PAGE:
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Hadrian's Gate, Antalya - ancient roman gate

Hadrian's Gate or Uchkapılar, also known as the Triple Gate, Three Gates, Three-Door Gate or Castle Gate (Kale Kapısı) is an ancient Roman gate in Antalya, which is one of the most famous and significant sights of the city.

The gate was erected and named after the Roman emperor Hadrian, who visited the city in 130.

This is the only preserved entrance gate in the walls that once surrounded the city and the harbor, which lead to the old town of Antalya (Kaleici, Kaleiçi).

Hadrian's Gate is well preserved, largely due to the fact that it was previously incorporated into city wall and have not been used for a long time. The gate was discovered in the 1950s during the demolition of the city walls. In 1959, the gate was restored.

The height of the gate is about 8 meters (26.2 feet).

During the reconstruction, bronze letters were found at the foot of the gate, which were part of the inscription on the gate in honor of Adrian. Subsequently, the letters were distributed among different museums and private collections around the world. Nine letters are in Vienna, two are in Berlin, and several more are in England: in the British Museum in London and in the Ashmolean Museum in Oxford.

Today, Hadrian's Gate in Antalya is a monumental triumphal arch consisting of two facades with three arched openings-passages and columns towering over four pylons.

The gate pillars are made of granite, while the rest is made of white marble.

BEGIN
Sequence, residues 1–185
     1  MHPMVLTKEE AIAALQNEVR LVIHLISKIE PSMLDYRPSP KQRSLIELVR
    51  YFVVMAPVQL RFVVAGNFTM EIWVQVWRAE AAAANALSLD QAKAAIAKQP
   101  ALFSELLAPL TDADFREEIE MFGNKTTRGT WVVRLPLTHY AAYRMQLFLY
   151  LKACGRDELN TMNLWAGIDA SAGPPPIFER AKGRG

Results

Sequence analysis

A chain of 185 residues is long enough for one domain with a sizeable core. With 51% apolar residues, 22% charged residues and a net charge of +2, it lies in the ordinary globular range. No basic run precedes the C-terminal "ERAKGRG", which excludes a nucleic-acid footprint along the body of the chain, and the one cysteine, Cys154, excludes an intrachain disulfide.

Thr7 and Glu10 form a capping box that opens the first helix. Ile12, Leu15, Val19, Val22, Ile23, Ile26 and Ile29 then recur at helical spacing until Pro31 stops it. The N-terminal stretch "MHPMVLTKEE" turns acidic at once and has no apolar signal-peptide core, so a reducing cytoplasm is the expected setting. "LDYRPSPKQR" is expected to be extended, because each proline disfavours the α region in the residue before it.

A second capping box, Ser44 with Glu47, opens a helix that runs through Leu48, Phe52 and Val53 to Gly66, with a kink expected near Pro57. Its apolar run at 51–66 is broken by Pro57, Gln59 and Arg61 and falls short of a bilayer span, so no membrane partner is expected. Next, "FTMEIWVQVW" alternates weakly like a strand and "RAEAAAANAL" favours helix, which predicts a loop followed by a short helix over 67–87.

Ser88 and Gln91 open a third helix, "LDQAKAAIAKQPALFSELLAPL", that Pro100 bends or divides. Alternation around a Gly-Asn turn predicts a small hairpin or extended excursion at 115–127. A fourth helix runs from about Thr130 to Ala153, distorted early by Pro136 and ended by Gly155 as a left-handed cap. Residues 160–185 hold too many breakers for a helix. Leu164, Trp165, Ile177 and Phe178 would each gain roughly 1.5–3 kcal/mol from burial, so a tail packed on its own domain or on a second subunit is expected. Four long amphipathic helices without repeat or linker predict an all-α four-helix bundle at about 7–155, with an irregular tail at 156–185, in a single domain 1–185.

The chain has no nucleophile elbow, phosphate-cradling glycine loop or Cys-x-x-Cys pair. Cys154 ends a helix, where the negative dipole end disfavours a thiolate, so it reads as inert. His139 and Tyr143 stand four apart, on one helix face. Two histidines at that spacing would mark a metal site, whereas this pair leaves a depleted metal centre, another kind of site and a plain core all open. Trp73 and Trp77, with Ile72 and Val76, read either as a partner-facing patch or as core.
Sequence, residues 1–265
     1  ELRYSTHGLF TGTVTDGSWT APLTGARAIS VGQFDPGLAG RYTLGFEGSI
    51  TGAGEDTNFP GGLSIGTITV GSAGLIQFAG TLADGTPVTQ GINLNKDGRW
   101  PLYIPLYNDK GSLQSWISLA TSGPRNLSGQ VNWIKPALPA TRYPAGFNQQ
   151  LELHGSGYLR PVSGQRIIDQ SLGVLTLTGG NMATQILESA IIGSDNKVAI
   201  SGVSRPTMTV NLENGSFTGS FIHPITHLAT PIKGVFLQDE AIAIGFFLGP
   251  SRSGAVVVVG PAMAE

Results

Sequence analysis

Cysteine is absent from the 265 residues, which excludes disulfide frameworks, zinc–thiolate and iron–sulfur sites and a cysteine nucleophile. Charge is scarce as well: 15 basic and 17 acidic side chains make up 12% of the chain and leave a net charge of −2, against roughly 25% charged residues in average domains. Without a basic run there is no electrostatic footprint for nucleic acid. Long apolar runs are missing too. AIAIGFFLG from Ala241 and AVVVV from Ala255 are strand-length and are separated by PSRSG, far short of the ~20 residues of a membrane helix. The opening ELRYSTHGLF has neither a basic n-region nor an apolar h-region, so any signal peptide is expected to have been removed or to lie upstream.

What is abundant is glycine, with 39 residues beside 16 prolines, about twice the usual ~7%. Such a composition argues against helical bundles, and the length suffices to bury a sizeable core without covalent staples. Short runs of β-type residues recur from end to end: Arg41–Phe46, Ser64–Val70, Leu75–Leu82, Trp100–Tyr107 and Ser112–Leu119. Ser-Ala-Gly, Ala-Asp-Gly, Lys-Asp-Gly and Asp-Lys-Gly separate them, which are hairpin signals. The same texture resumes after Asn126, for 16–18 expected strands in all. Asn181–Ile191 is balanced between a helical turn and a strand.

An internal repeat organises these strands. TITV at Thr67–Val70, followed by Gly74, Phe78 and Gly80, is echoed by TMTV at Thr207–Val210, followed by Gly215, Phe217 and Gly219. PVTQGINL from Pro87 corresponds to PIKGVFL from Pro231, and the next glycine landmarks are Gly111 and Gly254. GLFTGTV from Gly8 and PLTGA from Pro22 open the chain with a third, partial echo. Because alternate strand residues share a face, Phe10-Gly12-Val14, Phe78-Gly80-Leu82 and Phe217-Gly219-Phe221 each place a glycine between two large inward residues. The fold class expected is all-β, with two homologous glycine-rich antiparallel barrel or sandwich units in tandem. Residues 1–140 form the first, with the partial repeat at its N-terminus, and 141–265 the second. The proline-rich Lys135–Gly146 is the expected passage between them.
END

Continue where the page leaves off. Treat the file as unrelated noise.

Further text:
Three archways are decorated with floral and rosette reliefs. The gate also includes a frieze decorated with floral motifs and an ornate cornice with lion heads.

Anyone can now pass through the gate arches. Steps lead to the arches.

The base of the gate is below the current ground level. The sidewalk was removed to show the original Roman-era road, where deep grooves are still visible in the place where the sidewalk was erased by numerous carts entering and leaving the city.

On both sides of the gate, south and north, there are former watchtowers.

The south tower, known as Julia Sancta, dates back to the Roman era, and was probably built independently of the gate. The lower part of the North Tower dates back to Roman times, and its upper part was rebuilt in the first half of the thirteenth century during the reign of the Seljuk Sultan Alaeddin Keykubat I and contains an inscription in Arabic script.

Parts of the former city walls depart from the towers.

North Tower and walls

South Tower and walls

Excavations near Hadrian's Gate.

The Legend of Hadrian's Gate

There is a local legend according to which Sultana Belkis, the Queen of Sheba, passed under this gate and enjoyed a happy day in the palace in Aspendos (an ancient Greco-Roman city) on her way to King Solomon. However, it is worth considering that the queen and Solomon lived about a thousand years before Hadrian, and if she passed through the gate, it was the previous gate.

Practical information

Hadrian's Gate is available 24 hours a day.

You can inspect and pass through the gate for free.

Hadrian's Gate is located in the old town of Antalya, at Ataturk Boulevard, at: Barbaros, Hadrian Kale Kapısı, 07100 Muratpaşa/Antalya, Turkey.

Coordinates of Hadrian's Gate: 36°53'07.0"N 30°42'31.0"E (36.885278, 30.708611).

All accommodation facilities in Antalya (hotels, apartments, guest houses, etc.), including near beaches, in the historical center of the city and more remotely from those, can be view and book here booking

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